Turning Around

I know the story I want to examine next as I explore “replenishing the practice of wonder,” but that story will have to wait. Serendipity strikes. A different story needs to be written today. And it’s about wonder, too.

Befuddlement with my species.

Sunday night, I watched a documentary 180◦ South, retracing the travels forty years ago by two mighty adventurers and now ecologists, Yvon Chouinard and Doug Tompkins. The film explores the visceral beauty and risky ballet of humans dancing intimately with the rhythms of mountains and seas. As our modern day explorer, Jeff Johnson, travels deeper into his experience, he begins to recognize the power of progress to destroy what is essential to being human. The demise of an entire civilization on Easter Island affects him deeply, so by the time he gets to Chile and Patagonia, he is primed. In those countries, damning rivers for power and building more pulp mills threaten ancient life sustaining cultures and beauty integral to the landscape.

In the U.S. we are beginning to dismantle dams, so I would think other governments would think twice about building new ones. And maybe they have thought a kazillion times about the pros and cons, but they’re building new ones anyway.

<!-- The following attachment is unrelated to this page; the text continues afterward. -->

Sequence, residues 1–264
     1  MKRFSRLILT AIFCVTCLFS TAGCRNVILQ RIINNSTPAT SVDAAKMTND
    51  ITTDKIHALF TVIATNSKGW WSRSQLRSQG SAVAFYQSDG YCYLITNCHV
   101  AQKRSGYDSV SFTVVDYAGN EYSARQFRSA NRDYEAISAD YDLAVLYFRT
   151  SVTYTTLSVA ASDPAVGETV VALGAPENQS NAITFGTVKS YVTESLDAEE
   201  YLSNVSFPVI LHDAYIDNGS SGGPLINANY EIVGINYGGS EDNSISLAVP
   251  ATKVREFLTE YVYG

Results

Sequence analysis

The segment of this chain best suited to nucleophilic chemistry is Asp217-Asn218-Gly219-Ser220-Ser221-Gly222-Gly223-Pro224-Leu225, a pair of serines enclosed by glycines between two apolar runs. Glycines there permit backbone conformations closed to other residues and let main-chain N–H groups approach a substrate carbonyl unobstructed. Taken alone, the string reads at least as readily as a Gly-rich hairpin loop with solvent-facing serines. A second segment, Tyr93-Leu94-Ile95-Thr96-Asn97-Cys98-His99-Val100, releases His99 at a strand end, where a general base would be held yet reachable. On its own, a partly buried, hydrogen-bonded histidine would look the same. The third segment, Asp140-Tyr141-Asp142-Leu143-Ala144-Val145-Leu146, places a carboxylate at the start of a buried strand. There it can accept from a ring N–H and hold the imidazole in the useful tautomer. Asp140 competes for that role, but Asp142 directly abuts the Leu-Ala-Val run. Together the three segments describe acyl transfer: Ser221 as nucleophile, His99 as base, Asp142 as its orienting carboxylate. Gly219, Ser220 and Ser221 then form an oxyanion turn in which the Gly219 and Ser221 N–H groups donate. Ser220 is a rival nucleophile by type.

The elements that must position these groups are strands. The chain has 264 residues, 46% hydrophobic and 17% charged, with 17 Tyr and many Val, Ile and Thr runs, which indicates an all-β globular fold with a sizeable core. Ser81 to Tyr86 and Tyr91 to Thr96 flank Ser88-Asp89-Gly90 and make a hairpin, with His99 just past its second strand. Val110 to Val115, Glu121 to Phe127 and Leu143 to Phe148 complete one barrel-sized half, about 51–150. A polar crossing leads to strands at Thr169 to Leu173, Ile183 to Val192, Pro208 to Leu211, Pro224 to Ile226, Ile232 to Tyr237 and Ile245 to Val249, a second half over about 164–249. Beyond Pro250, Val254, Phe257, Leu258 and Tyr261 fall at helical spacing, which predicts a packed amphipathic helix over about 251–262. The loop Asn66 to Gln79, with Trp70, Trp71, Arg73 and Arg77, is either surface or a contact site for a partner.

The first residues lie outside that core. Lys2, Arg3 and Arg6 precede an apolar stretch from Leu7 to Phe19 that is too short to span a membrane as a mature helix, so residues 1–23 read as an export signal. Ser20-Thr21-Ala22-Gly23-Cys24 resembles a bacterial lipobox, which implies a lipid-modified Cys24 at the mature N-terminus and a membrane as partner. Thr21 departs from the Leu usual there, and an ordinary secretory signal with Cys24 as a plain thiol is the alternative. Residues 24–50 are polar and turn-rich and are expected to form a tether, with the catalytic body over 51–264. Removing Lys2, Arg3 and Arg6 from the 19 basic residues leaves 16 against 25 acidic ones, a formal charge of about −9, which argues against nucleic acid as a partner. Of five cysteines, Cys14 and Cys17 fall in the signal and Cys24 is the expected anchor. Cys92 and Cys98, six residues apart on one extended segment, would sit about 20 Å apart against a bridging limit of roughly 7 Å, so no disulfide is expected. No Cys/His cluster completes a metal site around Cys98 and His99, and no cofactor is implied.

One of Jeff’s voiceovers reports that playing video games in the U.S. uses as much power in a year as the entire city of San Diego. I hope I’m reporting that statistic accurately, but even if I’m not, you get the idea. Life style changes are a way of releasing more energy to supply our needs.

(By the way, I discovered Miss Minimalist today, another blog with oodles of ideas about the richness of living minimally. Check it out…)

Toward the end of the film, Chouinard and Tompkins, who have devoted their lives to land conservation, reflect on dealing with people in power. I’m paraphrasing here but these two wisdom keepers say something like this:

They keep telling us that we want to go backwards. That’s not what we’re talking about. If you’re standing at the edge of a cliff and you don’t want to commit suicide, you turn around 180◦ and start walking forward. If you’re standing at the edge of an abyss, and you don’t want to fall off, you turn around and start walking forward. THAT’s what we’re talking about. Turning around and walking forward.

I had to rewind the DVD twice to make sure I’d heard them accurately.

This morning, my friend Patty tells me that she’s just learned of a potentially toxic decision being made in her hometown on the northwest coast – burning masses of bio-fuel at a pulp mill to power places far, far away.  Facts frequently bully each other. Hard to discern truth with the brain, but the belly knows. Patty’s entire town, maybe the region, have reached the cliff’s edge.

I’m hoping that like lemmings, when one person turns 180◦ and walks forward, the masses will follow.

Advertisements

About Deborah

Deborah Jane Milton, Ph.D. is an artist, mentor, and eco-psychologist, mother of four and grandmother of eight.
This entry was posted in truth and tagged , , , , . Bookmark the permalink.

Leave a Reply

Fill in your details below or click an icon to log in:

WordPress.com Logo

You are commenting using your WordPress.com account. Log Out / Change )

Twitter picture

You are commenting using your Twitter account. Log Out / Change )

Facebook photo

You are commenting using your Facebook account. Log Out / Change )

Google+ photo

You are commenting using your Google+ account. Log Out / Change )

Connecting to %s